Catch up on stories from the past week (and beyond) at the Slashdot story archive


Forgot your password?

+ - "Out of Africa" theory called into question by originator->

Submitted by Amiga Trombone
Amiga Trombone writes: Christopher Stringer is one of the world's foremost paleoanthropologists. He is a founder and most powerful advocate of the leading theory concerning our evolution: Recent African Origin or "Out of Africa". He now calls the theory into question: "I'm thinking a lot about species concepts as applied to humans, about the "Out of Africa" model, and also looking back into Africa itself. I think the idea that modern humans originated in Africa is still a sound concept. Behaviorally and physically, we began our story there, but I've come around to thinking that it wasn't a simple origin. Twenty years ago, I would have argued that our species evolved in one place, maybe in East Africa or South Africa. There was a period of time in just one place where a small population of humans became modern, physically and behaviourally. Isolated and perhaps stressed by climate change, this drove a rapid and punctuational origin for our species. Now I don’t think it was that simple, either within or outside of Africa."
Link to Original Source

Comment: Re:Intelligence is... (Score 1) 213

by Amiga Trombone (#40847605) Attached to: Goodbye, IQ Tests: Brain Imaging Predicts Intelligence Levels

I do not dispute that they may have or will in the future be able to determine someone's potential, but it will be a crude measurement and entirely pointless as potential is worth exactly worth squat until realized.

Not entirely pointless. Is it worth the resources to extensively educate somebody that has very little potential?

Comment: Re:Comparison to 'Older music' not fair (Score 1) 576

by Amiga Trombone (#40820039) Attached to: Study Finds New Pop Music <em>Does</em> All Sound the Same

That may be, but let me go on a wild guess that it wasn't nearly as popular as Summertime (Gershwin/Fitzgerald) that you can easily play and sing along using just 5 chords.

You'd guess wrong! The Boswell Sisters were the most popular jazz vocal groups of their time. In fact Ella Fitzgerald cited Conee Boswell as one of her primary influences.

Comment: Re:Comparison to 'Older music' not fair (Score 1) 576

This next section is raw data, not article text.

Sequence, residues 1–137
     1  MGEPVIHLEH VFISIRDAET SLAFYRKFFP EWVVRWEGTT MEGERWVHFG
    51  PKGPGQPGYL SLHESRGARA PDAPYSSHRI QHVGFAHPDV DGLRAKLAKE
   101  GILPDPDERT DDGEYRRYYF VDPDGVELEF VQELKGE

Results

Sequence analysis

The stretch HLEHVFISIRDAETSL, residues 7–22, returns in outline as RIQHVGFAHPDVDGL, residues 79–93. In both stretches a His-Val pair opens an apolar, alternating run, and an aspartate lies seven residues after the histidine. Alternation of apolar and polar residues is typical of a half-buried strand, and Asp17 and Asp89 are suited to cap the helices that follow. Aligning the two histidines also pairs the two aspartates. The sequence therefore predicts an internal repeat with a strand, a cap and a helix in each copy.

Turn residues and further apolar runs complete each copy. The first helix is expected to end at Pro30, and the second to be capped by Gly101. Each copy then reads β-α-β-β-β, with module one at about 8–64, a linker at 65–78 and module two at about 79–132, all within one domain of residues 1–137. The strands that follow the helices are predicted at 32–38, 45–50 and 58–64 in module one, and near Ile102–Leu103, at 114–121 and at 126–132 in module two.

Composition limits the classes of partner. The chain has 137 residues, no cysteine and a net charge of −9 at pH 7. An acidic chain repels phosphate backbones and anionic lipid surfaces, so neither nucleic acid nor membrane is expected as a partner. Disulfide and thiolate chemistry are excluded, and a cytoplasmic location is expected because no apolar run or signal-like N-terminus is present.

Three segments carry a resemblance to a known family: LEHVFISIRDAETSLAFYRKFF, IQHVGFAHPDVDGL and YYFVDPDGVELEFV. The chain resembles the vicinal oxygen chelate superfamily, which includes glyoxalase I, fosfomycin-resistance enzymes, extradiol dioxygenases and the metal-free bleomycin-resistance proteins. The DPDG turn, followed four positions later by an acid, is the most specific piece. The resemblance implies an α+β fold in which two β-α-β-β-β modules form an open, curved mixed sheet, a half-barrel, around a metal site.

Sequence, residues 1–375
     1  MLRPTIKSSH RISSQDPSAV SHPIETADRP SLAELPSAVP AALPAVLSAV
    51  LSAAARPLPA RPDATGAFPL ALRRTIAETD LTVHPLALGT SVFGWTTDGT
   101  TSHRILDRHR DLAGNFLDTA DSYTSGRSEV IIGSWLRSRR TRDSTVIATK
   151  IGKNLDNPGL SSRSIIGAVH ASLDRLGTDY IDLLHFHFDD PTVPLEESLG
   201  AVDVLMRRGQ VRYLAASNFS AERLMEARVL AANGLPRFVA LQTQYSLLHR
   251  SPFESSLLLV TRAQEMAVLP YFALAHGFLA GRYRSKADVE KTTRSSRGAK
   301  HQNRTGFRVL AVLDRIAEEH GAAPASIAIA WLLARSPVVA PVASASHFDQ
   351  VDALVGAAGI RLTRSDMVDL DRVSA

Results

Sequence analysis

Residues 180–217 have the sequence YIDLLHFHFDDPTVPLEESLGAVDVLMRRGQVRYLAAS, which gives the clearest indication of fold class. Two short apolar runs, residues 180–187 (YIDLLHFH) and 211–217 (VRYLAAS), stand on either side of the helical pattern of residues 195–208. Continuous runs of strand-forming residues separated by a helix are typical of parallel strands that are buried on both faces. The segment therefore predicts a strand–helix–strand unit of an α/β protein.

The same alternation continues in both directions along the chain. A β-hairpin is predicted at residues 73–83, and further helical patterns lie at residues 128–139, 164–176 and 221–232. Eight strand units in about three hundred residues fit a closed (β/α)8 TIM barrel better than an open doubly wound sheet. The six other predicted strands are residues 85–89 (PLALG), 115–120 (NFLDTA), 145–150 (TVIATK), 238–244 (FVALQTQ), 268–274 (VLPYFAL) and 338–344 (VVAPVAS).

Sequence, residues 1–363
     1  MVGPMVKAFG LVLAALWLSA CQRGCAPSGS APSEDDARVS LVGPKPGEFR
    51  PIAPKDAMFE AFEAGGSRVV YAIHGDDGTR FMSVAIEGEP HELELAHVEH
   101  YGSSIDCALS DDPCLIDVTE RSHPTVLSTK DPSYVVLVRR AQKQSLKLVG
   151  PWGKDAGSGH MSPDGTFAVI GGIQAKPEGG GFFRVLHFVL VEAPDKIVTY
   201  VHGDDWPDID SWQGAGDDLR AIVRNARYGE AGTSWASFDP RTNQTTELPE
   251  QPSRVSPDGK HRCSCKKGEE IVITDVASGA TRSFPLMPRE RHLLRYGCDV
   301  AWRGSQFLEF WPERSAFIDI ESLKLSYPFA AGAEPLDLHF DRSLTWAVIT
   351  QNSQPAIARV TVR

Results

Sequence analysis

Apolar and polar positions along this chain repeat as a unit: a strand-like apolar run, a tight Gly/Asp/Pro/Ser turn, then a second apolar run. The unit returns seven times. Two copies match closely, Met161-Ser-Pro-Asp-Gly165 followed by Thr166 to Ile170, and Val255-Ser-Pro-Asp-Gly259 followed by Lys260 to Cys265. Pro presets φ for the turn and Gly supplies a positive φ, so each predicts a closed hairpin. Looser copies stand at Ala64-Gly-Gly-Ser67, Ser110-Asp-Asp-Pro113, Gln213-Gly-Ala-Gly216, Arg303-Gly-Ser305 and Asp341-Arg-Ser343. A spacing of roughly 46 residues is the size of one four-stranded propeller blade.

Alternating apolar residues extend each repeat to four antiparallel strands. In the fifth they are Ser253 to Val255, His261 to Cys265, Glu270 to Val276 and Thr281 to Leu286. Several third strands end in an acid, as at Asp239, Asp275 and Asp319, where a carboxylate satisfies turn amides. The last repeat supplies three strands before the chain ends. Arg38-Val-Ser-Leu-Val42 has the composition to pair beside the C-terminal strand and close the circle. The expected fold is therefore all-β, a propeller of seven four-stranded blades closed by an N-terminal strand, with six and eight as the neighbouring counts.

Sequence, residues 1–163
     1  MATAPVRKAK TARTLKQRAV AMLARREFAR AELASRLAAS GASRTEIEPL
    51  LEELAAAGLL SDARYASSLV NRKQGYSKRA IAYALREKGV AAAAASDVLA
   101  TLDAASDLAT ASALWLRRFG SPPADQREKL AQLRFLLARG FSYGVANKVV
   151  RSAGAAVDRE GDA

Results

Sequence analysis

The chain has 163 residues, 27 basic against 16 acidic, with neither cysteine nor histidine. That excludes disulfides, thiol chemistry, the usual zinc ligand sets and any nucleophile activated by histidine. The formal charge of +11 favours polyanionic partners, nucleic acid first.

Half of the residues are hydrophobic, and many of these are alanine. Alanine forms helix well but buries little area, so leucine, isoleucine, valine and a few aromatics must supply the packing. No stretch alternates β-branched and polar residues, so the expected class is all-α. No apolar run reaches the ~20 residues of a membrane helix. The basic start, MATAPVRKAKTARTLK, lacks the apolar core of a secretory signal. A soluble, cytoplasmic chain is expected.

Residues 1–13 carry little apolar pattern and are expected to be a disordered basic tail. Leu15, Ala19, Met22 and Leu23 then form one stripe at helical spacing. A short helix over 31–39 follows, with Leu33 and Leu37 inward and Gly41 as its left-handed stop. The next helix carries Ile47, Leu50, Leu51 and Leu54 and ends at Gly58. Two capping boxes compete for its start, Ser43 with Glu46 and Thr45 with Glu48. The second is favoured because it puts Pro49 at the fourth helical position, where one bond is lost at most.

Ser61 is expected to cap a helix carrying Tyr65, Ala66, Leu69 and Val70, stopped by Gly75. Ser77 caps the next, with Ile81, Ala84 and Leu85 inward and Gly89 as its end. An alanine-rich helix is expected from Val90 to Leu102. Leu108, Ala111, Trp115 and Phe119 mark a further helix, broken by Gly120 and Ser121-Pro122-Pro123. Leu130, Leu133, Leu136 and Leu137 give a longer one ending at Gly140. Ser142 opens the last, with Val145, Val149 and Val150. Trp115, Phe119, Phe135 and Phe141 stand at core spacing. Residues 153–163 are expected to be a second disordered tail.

by Amiga Trombone (#40817509) Attached to: Study Finds New Pop Music <em>Does</em> All Sound the Same

Well, pop music in the not too distant past was also fairly complex (although obviously not as complex as classical). Take this 1933 recording from the Boswell Sisters, it's clearly a lot more harmonically sophisticated than 4 chords, and has a number of tempo changes. And this was pop music in it's time, music that people danced to, sang along with, etc, not some form of "art" music.

The twentieth century saw the progression of musical degeneration. First we lost the sophisticated song structures and harmonic constructions of the jazz age to rock, and then we lost the remaining melodic and lyrical competencies of rock to rap. Now we're merely reduced to drumming and chanting. What's left to lose?

Comment: Re:Safe trip? (Score 1) 251

by Amiga Trombone (#40745569) Attached to: Sally Ride Takes Her Final Flight

no designer worth anything would have 'designed' this world as it is.

Rather arrogant of you to be telling a being presumed to be omniscient, immortal and capable of creating universes how it should be running things, isn't it?

I submit that if He/She/It exists, it probably has a somewhat broader and more mature perspective than you do.

Comment: Re:I Dunno... Let's Ask John Galt What He Thinks.. (Score 1) 347

No. I'm pointing out that since patents weren't available to Stradivarius, his only means of protecting his intellectual property was to keep his methods a secret. To this day, nobody has been able to duplicate his instruments, rebutting the argument that his competitors would be able to simply tear it apart and figure out how to duplicate it.

Comment: Re:Wages as a percentage of U.S. GDP peaked in '72 (Score 2) 696

Well, the economy was fine - you're problem is that it isn't the 1950s anymore. That is to say, our biggest possible competitor, Europe, isn't recovering from a recent world war, China and India aren't undergoing massive famines, Korea isn't in the midst of a civil war, and Made in Japan is no longer a synonym for cheap junk.

You could have a 90% tax in the 50's simply because there was no place else to go. Try that today and watch your industries and your wealth move off-shore even faster than they are now.

Logic doesn't apply to the real world. -- Marvin Minsky